Member v National Sporting Organisation
The Applicant is an accredited Technical Official and member of the National Sporting Organisation (NSO). The NSO alleged that the Applicant had breached on two occasions the NSO’s Child Safeguarding Policy (Policy) by taking digital images on his personal phone of children participating in the sport’s authorised events. The Policy provided that digital images were not to be taken of children on a personal phone, camera or video camera unless prior written approval had been obtained from a parent or guardian and other mandatory requirements as to content and storage are complied with.
The Applicant said any breach of the Policy was inadvertent and unintentional. The Applicant acknowledged that he had taken images of members of his extended family on the first occasion at the request of the mother of the children and shared them only with the parent of the children. The mother subsequently confirmed her consent in writing. On the second occasion The Applicant took images at the start of an inaugural race because he wished to record for posterity the first race of its kind and his attendance at it. He did not publish any of the images on social media or publicly. The images were later destroyed.
Upon receipt of a Breach Offer sent by the NSO, the Applicant commenced arbitration proceedings disputing breach and the proposed sanctions on the basis that he was not aware of the terms of the Policy, the NSO failed to adequately inform and educate members of the terms and ambit of the Policy and the NSO failed to extend procedural fairness to him before electing to make the Breach Offer. The NSO submitted that it had made members (including the Applicant) aware of the new Policy on two occasions in 2022 and 2023. The Applicant did not dispute receipt of notification but was critical of the NSO in failing to make plain the mandatory obligation and detail of the Policy for the benefit of members.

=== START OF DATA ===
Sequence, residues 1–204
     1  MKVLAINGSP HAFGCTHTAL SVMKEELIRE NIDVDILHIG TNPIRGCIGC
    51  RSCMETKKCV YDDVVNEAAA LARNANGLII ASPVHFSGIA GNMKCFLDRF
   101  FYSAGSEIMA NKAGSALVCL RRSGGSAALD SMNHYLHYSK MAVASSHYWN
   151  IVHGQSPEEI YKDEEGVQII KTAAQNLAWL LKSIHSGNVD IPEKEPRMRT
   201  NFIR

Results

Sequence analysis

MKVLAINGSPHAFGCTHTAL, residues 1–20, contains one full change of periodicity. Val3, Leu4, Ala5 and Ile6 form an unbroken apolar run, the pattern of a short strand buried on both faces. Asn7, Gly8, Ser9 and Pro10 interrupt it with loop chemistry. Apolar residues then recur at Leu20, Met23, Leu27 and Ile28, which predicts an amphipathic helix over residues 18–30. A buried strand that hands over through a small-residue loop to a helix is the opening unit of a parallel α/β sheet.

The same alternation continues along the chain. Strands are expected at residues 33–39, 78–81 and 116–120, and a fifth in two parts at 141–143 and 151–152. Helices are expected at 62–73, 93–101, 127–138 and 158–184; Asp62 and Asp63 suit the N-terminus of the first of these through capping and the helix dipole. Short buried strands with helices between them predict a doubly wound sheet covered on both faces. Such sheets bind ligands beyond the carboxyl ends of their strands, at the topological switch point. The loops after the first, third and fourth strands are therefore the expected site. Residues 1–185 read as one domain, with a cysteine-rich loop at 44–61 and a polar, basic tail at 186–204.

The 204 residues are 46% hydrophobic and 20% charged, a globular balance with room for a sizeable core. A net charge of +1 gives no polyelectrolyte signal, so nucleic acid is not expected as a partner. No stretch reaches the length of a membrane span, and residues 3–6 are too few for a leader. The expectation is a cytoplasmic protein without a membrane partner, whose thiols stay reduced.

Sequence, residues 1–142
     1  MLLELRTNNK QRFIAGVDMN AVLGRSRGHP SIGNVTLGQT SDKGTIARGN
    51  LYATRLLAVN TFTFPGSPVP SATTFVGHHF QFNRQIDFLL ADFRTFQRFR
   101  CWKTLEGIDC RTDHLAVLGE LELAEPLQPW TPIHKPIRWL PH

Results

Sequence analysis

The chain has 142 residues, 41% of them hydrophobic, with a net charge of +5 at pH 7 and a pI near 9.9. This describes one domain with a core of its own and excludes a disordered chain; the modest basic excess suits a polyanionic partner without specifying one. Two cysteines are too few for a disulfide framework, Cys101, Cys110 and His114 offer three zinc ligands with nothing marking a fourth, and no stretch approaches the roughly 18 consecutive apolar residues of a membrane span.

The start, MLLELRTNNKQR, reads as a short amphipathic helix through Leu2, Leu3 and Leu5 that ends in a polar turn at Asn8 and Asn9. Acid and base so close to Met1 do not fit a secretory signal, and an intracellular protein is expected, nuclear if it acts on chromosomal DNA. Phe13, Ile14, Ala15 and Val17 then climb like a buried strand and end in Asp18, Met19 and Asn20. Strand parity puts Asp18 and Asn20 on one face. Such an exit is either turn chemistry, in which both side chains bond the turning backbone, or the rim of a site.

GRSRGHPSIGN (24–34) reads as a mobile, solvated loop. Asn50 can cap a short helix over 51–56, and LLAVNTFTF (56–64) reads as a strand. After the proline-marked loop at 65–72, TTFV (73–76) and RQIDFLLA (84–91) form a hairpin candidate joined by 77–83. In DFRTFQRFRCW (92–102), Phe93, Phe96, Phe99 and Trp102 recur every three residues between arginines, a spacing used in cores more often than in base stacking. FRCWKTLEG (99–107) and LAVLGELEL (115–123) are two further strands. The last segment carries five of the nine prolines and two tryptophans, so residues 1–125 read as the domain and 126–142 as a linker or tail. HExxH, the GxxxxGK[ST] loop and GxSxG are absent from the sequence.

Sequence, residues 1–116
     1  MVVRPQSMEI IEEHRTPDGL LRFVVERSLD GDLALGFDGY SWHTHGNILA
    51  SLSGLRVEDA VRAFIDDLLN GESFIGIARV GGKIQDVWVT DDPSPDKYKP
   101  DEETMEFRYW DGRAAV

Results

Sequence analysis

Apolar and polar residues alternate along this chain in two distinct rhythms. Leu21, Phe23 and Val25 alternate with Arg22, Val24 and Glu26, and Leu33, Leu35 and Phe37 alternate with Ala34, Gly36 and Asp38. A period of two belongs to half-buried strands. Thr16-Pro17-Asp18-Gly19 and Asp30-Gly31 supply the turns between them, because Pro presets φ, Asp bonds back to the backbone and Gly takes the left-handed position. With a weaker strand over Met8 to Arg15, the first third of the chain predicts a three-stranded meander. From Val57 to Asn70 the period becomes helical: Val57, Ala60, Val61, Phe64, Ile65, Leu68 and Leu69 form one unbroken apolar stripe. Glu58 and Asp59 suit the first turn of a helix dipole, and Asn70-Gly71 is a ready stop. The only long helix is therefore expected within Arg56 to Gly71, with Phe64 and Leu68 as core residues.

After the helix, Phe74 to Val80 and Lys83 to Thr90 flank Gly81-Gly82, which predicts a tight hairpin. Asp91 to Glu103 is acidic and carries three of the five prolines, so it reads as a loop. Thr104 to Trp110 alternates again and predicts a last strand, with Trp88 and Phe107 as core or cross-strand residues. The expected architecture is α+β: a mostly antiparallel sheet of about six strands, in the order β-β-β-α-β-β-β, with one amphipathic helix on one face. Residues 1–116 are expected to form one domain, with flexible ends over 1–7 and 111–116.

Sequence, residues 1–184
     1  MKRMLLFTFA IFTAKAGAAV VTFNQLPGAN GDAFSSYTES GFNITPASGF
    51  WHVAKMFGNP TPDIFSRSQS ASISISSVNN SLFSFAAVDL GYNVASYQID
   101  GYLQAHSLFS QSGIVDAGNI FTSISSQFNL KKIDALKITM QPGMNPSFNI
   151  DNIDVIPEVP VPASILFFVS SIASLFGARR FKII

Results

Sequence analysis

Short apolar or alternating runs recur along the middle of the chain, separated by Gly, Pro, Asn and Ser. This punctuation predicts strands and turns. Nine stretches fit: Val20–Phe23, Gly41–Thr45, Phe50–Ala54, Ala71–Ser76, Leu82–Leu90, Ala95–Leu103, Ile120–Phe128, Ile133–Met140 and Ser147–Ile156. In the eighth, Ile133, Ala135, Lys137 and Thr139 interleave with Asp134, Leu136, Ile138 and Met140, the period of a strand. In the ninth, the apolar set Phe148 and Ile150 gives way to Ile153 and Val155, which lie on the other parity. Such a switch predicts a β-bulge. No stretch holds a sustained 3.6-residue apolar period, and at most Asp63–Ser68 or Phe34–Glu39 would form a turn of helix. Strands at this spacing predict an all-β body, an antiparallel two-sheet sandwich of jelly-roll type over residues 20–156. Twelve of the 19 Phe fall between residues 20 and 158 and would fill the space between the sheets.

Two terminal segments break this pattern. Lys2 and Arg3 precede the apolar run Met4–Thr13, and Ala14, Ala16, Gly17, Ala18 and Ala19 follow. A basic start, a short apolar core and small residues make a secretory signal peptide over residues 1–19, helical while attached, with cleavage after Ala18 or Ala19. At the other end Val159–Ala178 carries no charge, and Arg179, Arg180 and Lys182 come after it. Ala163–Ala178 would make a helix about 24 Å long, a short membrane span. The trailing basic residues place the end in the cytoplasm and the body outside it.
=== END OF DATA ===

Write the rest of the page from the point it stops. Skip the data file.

The Tribunal determined that the Applicant had breached the Policy on two occasions but that on both occasions the Applicant’s conduct was inadvertent and innocent. The NST also determined that the Breach Offer made by the NSO was vague, unclear and incapable of acceptance by the Applicant. It recommended that in the future the NSO allow any respondent to a complaint to be heard before deciding on the disciplinary options available to it under the CDP. It had not adequately done so in this case. The Tribunal held that an appropriate sanction in the circumstances was that the Applicant immediately undertake a course of education provided by Sport Integrity Australia regarding Child Safeguarding and Protection and that he be suspended from officiating any NSO event involving children for a period of three months.